When we are close to closing on a deal, we may bring up “optional offers” so our adversary must deal with the decision. In certain contexts, choice is of value. Multiple offers for one transaction may be used as a strategic procedural move to lower cost by creating competition (which also plays to contrast, discussed above); or it may be used tactically as a dynamic mechanism. There are several motivations behind this tactic. It may be used for relationship or customer-focused reasons: to bifurcate the deal, knowing people like choices in certain settings; or to complicate the deal when we are being forced into one option (yes or no) which may not fit the transaction; or to show openness to other ideas and creative problem-solving. The more insidious motive is to corral the other party into our preferred option by putting two options on the table: one which is very undesirable and one which we want.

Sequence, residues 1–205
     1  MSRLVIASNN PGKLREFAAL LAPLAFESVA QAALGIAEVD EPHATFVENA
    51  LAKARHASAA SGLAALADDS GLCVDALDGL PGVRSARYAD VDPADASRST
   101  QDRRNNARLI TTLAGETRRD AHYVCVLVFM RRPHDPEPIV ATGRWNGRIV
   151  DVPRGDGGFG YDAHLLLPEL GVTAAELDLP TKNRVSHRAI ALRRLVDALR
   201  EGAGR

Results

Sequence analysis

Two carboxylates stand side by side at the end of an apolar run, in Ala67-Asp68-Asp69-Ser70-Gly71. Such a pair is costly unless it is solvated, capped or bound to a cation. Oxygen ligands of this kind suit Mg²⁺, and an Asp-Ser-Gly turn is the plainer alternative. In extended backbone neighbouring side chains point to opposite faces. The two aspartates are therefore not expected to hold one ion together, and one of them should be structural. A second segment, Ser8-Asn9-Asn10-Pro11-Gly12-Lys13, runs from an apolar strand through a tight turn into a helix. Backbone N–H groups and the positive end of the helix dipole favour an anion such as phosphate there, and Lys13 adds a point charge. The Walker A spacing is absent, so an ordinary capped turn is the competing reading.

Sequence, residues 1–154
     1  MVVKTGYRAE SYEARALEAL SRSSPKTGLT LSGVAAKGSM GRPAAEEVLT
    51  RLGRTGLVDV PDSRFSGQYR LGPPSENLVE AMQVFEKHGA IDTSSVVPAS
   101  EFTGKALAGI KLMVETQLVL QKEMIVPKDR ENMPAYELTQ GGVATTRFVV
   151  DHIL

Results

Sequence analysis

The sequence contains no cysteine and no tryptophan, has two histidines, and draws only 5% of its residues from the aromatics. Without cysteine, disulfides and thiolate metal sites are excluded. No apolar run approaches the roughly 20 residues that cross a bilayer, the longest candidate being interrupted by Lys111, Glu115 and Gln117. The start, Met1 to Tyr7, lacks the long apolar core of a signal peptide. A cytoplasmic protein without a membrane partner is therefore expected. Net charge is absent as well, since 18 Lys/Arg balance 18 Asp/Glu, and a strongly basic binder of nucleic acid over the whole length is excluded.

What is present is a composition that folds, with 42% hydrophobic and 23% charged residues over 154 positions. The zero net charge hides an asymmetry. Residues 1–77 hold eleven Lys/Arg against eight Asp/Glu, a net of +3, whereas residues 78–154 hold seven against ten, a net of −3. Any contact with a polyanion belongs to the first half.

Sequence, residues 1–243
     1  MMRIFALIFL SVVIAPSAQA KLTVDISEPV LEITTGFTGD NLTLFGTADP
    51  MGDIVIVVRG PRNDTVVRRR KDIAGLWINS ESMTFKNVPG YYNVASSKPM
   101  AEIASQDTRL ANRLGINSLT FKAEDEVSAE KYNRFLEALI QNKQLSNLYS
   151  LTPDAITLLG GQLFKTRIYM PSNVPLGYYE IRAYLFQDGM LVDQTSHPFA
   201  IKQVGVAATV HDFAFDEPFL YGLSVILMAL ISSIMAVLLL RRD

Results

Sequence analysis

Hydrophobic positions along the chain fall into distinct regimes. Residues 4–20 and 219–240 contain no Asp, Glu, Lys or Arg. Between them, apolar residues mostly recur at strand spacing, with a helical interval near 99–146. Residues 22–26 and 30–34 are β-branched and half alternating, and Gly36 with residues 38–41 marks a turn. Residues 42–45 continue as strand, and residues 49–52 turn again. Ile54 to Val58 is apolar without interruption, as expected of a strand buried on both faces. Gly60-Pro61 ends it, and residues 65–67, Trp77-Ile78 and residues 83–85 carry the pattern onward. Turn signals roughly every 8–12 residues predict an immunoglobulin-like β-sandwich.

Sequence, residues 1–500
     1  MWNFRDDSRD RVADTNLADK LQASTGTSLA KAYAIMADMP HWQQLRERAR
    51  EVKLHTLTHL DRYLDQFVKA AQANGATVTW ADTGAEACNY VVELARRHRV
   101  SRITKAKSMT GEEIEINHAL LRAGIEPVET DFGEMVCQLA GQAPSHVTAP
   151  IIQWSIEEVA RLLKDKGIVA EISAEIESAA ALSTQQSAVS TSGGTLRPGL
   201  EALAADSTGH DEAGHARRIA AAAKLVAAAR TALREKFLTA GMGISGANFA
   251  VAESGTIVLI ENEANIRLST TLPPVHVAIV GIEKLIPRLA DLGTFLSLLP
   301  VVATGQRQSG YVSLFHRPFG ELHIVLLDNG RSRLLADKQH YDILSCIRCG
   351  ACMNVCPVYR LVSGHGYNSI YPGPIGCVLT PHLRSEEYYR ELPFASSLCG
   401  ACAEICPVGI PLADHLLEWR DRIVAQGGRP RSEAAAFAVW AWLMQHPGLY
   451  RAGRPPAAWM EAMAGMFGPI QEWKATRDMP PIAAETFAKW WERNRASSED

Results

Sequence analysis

“I can offer you option one, which meets all of your requirements but we will need more time to deliver; or option two, which also meets all your requirements including your time frame. For option two, we will need a 90% down payment.”
To approach this tactic, ask for priorities and know your own. Focus on your needs and take control of the negotiation. If you are in a binary option stage, know that many times those form the brackets and room for negotiation may be found between the two options. Cherry pick: that is, assemble your own option containing the best of each offer on the table. Resistance is countered by repeatedly asking why you can’t cherry pick.